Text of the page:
Studies by Sirko Molau and Juergen Rendtel of the IMO discovered an active radiant in Virgo this time of year. The December Sigma Virginids (DSV) are active through most of December and the first week of January. Visual observers have their best chance at catching these meteors from December 17 through January 1st. Maximum activity occurs on December 31st. Current rates would most likely be less than one shower member no matter you location. The current radiant location is at 13:52 (208) +04 which place it in northern Virgo some four degrees northwest of the fourth magnitude star Tau Virginis. These meteors are best seen during the last dark hour before dawn, when the radiant lies highest above the horizon in a dark sky. At 69 km/sec. the December Sigma Virginids would produce mostly swift meteors.

The Ursids (URS) peak on the morning of December 22 from a radiant located at 14:32 (218) +75. This position lies in eastern Ursa Minor, just northeast of the second magnitude star Kochab (Beta Ursa Minoris). These meteors are best seen during the last dark hour before dawn, when the radiant lies highest above the horizon in a dark sky. Due to the extreme northerly location meteors from this shower are not visible from the southern hemisphere. On the morning of maximum, hourly rates of between 5-10 Ursids may be seen during the late morning hours. At 33 km/sec. the Ursids produce mostly medium-slow meteors.

The Quadrantids (QUA) begin to appear in weak numbers on the morning of December 26th. The radiant is then located near 15:04 (226) +53, which places it in northern Bootes, eight degrees southwest of the third magnitude star Edasich (Iota Draconis). Rates at this time would be less than one shower member per hour no matter your location. These meteors are best seen during the last dark hour before dawn, when the radiant lies highest above the horizon in a dark sky. At 42 km/sec. the Quadrantids would produce mostly meteors of medium velocity.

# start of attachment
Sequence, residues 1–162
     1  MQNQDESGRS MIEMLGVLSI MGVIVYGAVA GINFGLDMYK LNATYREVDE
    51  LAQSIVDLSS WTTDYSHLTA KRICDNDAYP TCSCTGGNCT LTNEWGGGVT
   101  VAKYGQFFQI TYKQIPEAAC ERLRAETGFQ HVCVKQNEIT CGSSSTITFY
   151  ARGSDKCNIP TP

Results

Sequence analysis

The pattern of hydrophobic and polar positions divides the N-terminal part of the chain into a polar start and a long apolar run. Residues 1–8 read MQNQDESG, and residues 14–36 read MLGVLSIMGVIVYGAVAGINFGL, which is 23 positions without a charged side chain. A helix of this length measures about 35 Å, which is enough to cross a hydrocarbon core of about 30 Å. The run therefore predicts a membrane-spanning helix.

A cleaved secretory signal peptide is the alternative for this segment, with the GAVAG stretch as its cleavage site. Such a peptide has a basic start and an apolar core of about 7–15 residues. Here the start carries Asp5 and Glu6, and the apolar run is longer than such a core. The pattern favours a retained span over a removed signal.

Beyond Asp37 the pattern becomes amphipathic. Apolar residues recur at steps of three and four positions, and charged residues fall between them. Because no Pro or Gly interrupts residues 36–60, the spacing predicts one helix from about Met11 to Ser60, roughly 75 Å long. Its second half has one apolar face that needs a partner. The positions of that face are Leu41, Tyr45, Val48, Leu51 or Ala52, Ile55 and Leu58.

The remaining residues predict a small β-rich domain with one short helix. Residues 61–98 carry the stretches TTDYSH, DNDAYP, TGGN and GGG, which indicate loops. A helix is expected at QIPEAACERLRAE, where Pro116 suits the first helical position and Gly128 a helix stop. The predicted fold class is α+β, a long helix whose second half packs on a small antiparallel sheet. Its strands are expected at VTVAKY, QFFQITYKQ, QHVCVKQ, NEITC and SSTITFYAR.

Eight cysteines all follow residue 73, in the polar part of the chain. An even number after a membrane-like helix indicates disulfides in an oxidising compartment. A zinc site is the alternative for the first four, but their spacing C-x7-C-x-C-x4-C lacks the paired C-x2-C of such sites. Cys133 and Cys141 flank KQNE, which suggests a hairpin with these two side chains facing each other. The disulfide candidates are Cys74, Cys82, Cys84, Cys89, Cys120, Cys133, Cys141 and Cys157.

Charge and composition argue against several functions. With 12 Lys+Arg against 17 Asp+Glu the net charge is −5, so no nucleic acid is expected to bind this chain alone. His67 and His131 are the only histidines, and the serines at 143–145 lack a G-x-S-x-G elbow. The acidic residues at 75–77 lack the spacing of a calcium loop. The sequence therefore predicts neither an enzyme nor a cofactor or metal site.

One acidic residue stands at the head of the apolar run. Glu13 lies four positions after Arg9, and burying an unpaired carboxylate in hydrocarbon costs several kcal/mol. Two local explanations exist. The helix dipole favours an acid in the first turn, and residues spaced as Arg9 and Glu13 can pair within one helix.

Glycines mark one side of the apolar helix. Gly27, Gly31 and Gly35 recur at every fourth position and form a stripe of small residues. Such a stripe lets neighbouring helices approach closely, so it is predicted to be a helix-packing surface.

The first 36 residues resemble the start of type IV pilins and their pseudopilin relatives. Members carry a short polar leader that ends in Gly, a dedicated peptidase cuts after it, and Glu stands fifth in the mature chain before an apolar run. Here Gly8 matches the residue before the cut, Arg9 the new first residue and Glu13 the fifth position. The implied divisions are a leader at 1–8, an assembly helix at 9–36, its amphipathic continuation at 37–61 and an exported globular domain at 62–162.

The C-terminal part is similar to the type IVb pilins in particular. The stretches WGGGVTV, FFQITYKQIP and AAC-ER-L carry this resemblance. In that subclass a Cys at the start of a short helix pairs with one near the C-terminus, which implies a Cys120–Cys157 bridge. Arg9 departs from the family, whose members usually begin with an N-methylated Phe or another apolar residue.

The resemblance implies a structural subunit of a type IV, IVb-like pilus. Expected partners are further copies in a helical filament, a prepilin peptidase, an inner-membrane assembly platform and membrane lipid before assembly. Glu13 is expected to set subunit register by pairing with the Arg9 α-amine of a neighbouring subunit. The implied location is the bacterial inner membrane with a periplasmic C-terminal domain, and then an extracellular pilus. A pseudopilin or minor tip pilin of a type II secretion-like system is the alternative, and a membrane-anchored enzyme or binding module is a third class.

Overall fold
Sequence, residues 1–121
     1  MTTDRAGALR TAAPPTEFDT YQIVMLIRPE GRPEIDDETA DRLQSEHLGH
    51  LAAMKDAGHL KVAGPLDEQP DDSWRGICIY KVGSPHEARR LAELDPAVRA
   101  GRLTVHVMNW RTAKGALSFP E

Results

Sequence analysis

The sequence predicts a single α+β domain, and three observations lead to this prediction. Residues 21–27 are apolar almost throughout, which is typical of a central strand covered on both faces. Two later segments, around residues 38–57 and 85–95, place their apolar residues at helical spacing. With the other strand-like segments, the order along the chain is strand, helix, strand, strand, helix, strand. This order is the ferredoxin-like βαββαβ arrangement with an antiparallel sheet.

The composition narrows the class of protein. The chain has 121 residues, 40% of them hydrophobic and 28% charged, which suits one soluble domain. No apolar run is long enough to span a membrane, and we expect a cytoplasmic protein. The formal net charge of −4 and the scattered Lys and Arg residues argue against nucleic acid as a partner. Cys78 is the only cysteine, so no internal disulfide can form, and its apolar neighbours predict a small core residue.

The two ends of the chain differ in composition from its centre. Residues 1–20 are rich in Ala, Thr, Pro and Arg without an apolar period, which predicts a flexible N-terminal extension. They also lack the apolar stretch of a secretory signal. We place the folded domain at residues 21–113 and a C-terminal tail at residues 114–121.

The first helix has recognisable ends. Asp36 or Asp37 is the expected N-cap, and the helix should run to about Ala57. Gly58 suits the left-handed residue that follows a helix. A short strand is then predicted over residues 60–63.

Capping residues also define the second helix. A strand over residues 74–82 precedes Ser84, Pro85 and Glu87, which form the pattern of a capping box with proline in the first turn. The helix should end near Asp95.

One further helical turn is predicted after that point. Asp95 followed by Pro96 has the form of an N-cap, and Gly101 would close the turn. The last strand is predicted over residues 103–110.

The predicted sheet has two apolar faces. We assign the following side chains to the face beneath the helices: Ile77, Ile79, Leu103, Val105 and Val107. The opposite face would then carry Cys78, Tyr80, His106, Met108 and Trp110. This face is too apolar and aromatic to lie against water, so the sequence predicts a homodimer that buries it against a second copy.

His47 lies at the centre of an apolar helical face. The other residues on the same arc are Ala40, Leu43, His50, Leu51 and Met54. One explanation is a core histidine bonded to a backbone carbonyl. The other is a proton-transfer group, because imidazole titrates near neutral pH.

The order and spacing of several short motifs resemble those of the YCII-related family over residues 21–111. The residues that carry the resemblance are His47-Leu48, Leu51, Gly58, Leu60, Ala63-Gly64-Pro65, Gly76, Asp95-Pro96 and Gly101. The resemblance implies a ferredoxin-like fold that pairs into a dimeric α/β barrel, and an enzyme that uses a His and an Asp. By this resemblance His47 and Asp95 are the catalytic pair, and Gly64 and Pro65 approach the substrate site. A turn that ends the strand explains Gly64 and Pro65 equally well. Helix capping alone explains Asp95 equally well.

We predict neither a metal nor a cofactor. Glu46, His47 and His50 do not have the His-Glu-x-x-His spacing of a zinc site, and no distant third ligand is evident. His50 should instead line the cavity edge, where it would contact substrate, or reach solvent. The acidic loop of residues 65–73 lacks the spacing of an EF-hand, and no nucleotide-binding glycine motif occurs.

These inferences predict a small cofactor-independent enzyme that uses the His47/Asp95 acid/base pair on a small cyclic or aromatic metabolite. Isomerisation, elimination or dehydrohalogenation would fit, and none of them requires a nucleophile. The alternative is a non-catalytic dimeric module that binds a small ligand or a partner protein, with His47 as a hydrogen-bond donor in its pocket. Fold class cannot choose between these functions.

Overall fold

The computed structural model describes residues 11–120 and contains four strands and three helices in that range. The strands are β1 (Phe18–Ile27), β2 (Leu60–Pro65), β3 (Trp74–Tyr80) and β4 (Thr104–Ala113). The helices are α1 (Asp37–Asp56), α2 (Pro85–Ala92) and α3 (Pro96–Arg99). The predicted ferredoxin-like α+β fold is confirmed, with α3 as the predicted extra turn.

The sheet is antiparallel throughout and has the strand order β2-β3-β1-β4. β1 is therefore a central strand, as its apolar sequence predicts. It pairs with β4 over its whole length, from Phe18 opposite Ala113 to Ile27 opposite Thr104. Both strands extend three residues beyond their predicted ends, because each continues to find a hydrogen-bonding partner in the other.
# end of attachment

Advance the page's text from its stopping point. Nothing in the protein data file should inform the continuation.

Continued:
As seen from the mid-northern hemisphere (45N) one would expect to see approximately eleven sporadic meteors per hour during the last hour before dawn as seen from rural observing sites. Evening rates would be near two per hour. As seen from the mid-southern hemisphere (45S), morning rates would be near seven per hour as seen from rural observing sites and one per hour during the evening hours. Locations between these two extremes would see activity between the listed figures. Evening rates are reduced due to moonlight.

The list below presents a condensed version of the expected activity this week.
Rates and positions are exact for Saturday night/Sunday morning.

Antihelions (ANT) – 06:56 (104) +22   Velocity – 30km/sec.
Northern Hemisphere – 3 per hr.   Southern Hemisphere – 2 per hr

December Leonis Minorids (DLM) – 10:52 (163) +30   Velocity – 64km/sec.
Northern Hemisphere – 2 per hr.   Southern Hemisphere – <1 per hr

Coma Berenicids (COM) – 11:46 (176) +18   Velocity – 69km/sec.
Northern Hemisphere – <1 per hr.   Southern Hemisphere – <1 per hr

IMO #247  – 12:00 (180) +37   Velocity – 66km/sec.
Northern Hemisphere – 1 per hr.   Southern Hemisphere – <1 per hr

Dec. Sigma Virginids (DSV) – 13:52 (208) +04  Velocity – 44km/sec.
Northern Hemisphere – <1 per hr. Southern Hemisphere – <1 per hr

Ursids (URS) – 13:58 (210) +76   Velocity – 33km/sec.
Northern Hemisphere – 7 per hr. Southern Hemisphere – 0 per hr

Quadrantids (QUA) – 15:04 (226) +53    Velocity – 42km/sec.
Northern Hemisphere – <1 per hr. Southern Hemisphere – <1 per hr

Clear Skies!
Robert Lunsford
American Meteor Society

Meteor Activity Outlook for December 15-21, 2012

The following is a slightly edited version of Bob Lunsford’s excellent weekly summary of meteor activity. The original version can be found at the American Meteor Society’s site.